They offered her higher wages, and Mr. Merrick himself had a long talk with her, but all arguments were unavailing.
“What shall we do, Thursday?” asked Patsy in despair. “None of us understands telegraphy.”
“Hetty Hewitt does,” he suggested.
“Hetty! I’m afraid if I asked her to assume this work she also would leave us.”
“No; she’ll stay,” he said positively.
“But she can’t edit the telegraph news. Suppose she took the messages, who would get the night news in shape for the compositors? My uncle would not like to have me remain here until midnight, but even if he would permit it I have not yet mastered the art of condensing the dispatches and selecting just such items as are suitable for the Tribune.”
“I’ll do that, Miss Doyle,” promised Smith.
“I’ve been paying especial attention to the work of Miss Briggs, for I had an idea she was getting uneasy. And I can take all the day messages, too. If Hetty will look after the wires evenings I can do the rest of the telegraph editor’s work, and my own, too.”
“Good gracious, Thursday!” exclaimed Patsy; “you’ll be running the whole paper, presently.”
“No; I can’t do the typesetting. But if the Dwyer girls stick to their job—and they seem quite contented here—I’ll answer for the rest of the outfit.”
“I’m glad the Dwyer girls seem contented,” she answered; “but I’m afraid to depend upon anyone now—except you.”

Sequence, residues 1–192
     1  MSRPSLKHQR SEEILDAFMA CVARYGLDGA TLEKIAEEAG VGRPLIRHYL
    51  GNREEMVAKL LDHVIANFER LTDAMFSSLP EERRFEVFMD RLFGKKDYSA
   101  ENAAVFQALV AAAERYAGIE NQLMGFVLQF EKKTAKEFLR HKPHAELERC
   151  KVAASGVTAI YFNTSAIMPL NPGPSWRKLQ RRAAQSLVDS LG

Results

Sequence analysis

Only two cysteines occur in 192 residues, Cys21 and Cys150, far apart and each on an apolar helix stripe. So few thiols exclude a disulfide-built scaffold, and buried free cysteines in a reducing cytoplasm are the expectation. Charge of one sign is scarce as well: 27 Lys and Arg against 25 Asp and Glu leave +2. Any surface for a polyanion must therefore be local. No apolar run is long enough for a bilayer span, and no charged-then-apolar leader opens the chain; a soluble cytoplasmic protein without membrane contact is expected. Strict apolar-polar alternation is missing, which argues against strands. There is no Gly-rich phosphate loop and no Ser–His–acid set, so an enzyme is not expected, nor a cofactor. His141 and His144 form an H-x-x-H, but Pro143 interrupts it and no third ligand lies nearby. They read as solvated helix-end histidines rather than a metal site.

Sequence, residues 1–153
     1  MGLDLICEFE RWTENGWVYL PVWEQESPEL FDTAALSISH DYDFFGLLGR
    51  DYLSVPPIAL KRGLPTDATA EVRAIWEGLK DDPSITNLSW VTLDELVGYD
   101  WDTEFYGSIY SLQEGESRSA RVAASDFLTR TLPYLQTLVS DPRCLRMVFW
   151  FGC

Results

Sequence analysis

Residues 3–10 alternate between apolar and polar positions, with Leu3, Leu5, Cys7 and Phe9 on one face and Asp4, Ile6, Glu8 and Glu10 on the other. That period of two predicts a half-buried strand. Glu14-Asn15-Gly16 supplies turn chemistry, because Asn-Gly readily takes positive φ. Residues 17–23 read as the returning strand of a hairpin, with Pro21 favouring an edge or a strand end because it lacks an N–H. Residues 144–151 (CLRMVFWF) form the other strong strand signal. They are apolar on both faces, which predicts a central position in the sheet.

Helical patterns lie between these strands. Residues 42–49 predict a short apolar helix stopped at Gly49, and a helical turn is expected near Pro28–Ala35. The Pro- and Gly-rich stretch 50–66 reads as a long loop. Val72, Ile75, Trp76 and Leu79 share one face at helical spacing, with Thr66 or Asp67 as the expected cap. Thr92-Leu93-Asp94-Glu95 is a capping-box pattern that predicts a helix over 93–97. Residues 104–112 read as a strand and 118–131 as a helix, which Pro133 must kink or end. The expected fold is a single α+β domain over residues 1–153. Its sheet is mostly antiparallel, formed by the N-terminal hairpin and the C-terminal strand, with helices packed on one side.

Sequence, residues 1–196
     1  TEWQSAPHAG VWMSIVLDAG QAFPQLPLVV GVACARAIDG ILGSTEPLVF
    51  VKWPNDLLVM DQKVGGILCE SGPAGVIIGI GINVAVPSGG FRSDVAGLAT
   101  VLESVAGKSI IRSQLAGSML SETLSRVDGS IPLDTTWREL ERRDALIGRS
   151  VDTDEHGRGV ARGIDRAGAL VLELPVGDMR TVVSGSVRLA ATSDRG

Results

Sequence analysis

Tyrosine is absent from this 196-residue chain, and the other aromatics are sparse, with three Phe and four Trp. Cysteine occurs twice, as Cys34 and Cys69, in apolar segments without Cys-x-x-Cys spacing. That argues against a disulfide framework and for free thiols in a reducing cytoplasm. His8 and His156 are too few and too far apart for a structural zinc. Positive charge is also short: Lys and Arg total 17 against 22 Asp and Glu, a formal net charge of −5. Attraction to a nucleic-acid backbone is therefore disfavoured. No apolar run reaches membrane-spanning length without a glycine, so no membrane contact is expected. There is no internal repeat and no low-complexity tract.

He liked that compliment, but said nothing further. After consulting with Louise and Beth, Patsy broached the subject to Hetty, and the artist jumped at the opportunity to do something to occupy her leisure time. The work brought her in contact with Thursday Smith more than ever, and when Miss Briggs departed bag and baggage for New York, the paper suffered little through her defection.
“Newspaper folk,” remarked Major Doyle, who was now at the farm enjoying his vacation and worshipping at the shrine of the managing editor in the person of his versatile daughter, “are the most unreliable of any class in the world. So I’ve often been told, and I believe it. They come and go, by fits and starts, and it’s a wonder the erratic rascals never put a paper out of business. But they don’t. You never heard of a newspaper that failed to appear just because the mechanical force deserted and left it in the lurch. By hook or crook the paper must be printed—and it always is. So don’t worry, mavourneen; when your sallow-faced artist and your hobo jack-of-all-trades desert you, there’ll still be a way to keep the Millville Tribune going, and therefore the world will continue to whirl on its axis.”
“I don’t believe Thursday will ever desert, and Hetty likes us too well to leave us in the lurch; but suppose those typesetters take a notion to flit?”
“Then,” said matter-of-fact Beth, “we’ll fill the paper with ready-made plate stuff and telegraph for more compositors.”